It is finally starting to feel real to us that we will be getting on an airplane very soon, going to China, and adopting our baby girl. We are beyond excited…but also quiet and thoughtful. We know that being parents to two children instead of just one will challenge us. We know that parenting a child who has spent much of her life in an orphanage will be new to us. Every parent needs to be aware of each of their children’s strengths and weaknesses, propensities and personalities, and we seek to be students of both of our daughters in those areas, but with Madeleine CaiQun there is another dimension, that she will come to us with so many life experiences of which we were not able to be a part. Many of them will be forever lost to us, but we can make good guesses about others, and because of the different ways in which she and Miranda have spent the beginnings of their lives, we need to parent them differently.
Friends and family, we ask for your help in doing that. What follows is more detail about what that means.
When a baby is cared for by her birth family, she is, from birth, surrounded by familiar people, by those whose voices she has heard while in the womb. For a baby, relationships are built and deepened as the baby expresses a need, and that need is met by her caregivers. She learns to recognize and express her needs, and she learns that her needs will be met and that she will be warm, well-fed, safe, and loved.
For a child growing up in an orphanage, that cycle is broken. She has experienced trauma in the separation from her birth family and the transition to an unfamiliar place with unfamiliar people. On top of that, orphanages are often under-funded and under-staffed. It is quite likely that a baby in an orphanage who expresses a need does not receive any response at all. When (if) her needs are met, they are met by shift-workers, whose schedules form a rotation. She does not have the benefit of consistent relationships with a mommy and daddy, primary relationships that then form the basis for her to build other relationships in the future.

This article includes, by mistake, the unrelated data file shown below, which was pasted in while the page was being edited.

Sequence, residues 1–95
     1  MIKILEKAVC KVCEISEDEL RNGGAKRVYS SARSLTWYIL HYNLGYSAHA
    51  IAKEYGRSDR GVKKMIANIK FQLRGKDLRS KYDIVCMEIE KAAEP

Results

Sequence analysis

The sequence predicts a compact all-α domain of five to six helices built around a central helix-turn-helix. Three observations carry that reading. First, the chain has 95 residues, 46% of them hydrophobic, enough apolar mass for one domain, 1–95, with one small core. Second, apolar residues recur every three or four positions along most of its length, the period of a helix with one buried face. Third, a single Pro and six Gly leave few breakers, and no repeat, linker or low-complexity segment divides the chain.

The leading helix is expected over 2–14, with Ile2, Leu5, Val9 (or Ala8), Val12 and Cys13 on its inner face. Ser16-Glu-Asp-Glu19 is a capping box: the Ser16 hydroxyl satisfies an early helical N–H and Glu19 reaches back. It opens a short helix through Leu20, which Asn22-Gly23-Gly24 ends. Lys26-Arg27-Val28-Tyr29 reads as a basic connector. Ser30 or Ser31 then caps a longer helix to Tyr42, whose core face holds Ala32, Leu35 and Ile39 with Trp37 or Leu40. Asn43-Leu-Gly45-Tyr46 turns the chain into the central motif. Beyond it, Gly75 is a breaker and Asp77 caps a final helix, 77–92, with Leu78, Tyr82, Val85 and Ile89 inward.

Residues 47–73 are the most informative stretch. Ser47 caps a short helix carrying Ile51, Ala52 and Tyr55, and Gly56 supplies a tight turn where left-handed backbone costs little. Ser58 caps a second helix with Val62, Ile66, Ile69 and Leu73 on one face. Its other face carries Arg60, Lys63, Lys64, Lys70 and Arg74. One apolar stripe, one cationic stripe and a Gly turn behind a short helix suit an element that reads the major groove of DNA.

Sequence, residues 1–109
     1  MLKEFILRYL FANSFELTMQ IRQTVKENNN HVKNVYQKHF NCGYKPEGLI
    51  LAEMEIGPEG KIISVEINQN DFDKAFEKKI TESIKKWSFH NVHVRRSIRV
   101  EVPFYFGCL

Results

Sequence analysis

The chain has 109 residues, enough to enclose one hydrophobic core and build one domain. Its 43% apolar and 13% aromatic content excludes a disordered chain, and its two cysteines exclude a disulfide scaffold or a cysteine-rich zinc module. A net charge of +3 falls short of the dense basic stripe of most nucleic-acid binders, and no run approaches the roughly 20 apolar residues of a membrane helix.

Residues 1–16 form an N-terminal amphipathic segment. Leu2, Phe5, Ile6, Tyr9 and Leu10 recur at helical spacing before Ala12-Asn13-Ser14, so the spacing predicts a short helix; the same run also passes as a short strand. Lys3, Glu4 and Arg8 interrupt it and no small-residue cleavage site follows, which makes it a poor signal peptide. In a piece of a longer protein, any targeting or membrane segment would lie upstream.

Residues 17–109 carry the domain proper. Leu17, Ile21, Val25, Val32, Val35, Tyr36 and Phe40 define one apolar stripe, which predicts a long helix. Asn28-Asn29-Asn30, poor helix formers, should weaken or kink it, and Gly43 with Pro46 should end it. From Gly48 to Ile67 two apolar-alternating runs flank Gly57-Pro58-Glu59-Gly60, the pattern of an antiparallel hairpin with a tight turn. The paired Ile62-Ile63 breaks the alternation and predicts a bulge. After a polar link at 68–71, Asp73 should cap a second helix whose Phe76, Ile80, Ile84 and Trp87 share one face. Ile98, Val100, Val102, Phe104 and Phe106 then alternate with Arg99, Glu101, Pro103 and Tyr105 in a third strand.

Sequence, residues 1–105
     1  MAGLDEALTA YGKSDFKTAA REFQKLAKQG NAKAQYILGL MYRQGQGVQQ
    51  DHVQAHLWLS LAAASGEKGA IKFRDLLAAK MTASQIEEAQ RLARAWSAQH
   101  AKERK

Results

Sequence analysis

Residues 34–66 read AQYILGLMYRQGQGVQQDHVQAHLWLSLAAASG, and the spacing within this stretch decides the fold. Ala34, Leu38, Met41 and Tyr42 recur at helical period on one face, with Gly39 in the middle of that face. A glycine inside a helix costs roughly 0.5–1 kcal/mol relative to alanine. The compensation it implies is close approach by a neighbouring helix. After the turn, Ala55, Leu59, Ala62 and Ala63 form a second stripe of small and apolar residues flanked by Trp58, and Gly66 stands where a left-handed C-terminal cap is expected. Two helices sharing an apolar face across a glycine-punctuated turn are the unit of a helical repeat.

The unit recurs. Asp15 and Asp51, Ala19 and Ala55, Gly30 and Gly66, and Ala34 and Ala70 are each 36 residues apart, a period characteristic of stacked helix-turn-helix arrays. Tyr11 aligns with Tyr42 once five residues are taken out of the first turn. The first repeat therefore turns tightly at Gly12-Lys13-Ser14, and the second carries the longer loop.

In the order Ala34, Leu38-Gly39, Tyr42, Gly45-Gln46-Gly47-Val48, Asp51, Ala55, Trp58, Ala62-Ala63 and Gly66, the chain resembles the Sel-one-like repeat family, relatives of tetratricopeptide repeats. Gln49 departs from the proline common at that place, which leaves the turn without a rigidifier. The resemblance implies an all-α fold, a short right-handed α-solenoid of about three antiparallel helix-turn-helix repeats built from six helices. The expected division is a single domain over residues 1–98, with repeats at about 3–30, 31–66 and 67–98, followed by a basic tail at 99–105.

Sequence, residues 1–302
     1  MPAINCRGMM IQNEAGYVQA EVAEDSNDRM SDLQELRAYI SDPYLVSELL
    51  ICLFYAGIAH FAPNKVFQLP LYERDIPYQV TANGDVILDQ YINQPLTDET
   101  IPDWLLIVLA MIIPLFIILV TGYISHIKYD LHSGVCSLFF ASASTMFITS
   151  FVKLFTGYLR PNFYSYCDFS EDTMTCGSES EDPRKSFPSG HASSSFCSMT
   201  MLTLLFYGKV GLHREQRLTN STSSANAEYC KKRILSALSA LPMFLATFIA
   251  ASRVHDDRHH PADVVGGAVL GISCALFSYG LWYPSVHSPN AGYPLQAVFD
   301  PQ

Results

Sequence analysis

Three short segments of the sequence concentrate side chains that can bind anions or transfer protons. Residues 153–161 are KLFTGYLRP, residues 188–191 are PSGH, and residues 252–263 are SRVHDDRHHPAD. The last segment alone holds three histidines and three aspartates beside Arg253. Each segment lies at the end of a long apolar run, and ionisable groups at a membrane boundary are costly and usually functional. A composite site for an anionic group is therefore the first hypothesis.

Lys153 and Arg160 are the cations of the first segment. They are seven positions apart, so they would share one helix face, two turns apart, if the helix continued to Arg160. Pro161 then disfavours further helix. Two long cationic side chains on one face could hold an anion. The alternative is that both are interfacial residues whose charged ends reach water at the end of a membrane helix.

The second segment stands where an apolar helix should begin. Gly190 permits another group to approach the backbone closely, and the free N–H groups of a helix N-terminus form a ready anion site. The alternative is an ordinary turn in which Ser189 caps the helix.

As Madeleine CaiQun comes into our family, we will need to build those parent-child relationships from scratch. We will need to teach her that we are different from shift-workers and from any other adults she encounters. We will need to show her what it means to be mommy and a daddy and what it means to be a daughter. To that end, for an extended period of time, Matt and I need to be the only ones to meet her needs.
We are so grateful to all of you who have been a part of our journey to bring Madeleine CaiQun home. We have been so blessed by your support, whether it has come in the form of financial help, preparing meals to freeze, offering encouragement and prayer throughout the process, helping me to organize our playroom and get the girls’ bedroom set up, or so many other things that so many of you have done to walk alongside of us on this journey. We know that you are excited for our little one to join our family and come home with us, and we so look forward to the relationships that she will one day have with you. We do not lightly ask you to hold off on forming those relationships – but we know that in order for those relationships to flourish, she needs to build relationships with us as her parents first, and we need time to bond with her.
Specifically, we ask that you refrain from offering food, comfort, or affection – this would include things like holding her, giving hugs or kisses, holding her hand, or any form of affection typically reserved for family members or close friends. Please feel free to wave or smile at her and to interact with us as we are holding her, just as you would when we have Miranda with us. In general, we plan to keep her near us, just as we would with a new baby, but if you see her seeking food, comfort, or affection elsewhere, please re-direct her toward us.
This will be a tremendous help to us as we seek to surround our little girl with love and teach her what it means that she is now in a family. If you have any questions or want to know more about any of this, please let us know. We are happy to discuss these ideas any time or point you toward some of the resources from which we’ve learned as we’ve walked through this journey to adopt our daughter.